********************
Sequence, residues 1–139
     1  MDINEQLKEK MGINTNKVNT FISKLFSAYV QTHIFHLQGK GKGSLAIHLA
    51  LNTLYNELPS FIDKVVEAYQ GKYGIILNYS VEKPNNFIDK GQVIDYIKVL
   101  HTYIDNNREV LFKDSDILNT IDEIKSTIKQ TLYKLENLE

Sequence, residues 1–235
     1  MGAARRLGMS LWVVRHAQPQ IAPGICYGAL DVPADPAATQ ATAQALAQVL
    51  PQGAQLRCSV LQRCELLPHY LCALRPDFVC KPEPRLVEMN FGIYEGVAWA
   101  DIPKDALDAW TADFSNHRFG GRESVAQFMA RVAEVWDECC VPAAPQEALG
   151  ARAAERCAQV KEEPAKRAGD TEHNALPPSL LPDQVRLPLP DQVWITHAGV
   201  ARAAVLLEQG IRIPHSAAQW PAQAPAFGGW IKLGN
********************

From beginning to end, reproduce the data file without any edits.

Sequence, residues 1–139
     1  MDINEQLKEK MGINTNKVNT FISKLFSAYV QTHIFHLQGK GKGSLAIHLA
    51  LNTLYNELPS FIDKVVEAYQ GKYGIILNYS VEKPNNFIDK GQVIDYIKVL
   101  HTYIDNNREV LFKDSDILNT IDEIKSTIKQ TLYKLENLE

Sequence, residues 1–235
     1  MGAARRLGMS LWVVRHAQPQ IAPGICYGAL DVPADPAATQ ATAQALAQVL
    51  PQGAQLRCSV LQRCELLPHY LCALRPDFVC KPEPRLVEMN FGIYEGVAWA
   101  DIPKDALDAW TADFSNHRFG GRESVAQFMA RVAEVWDECC VPAAPQEALG
   151  ARAAERCAQV KEEPAKRAGD TEHNALPPSL LPDQVRLPLP DQVWITHAGV
   201  ARAAVLLEQG IRIPHSAAQW PAQAPAFGGW IKLGN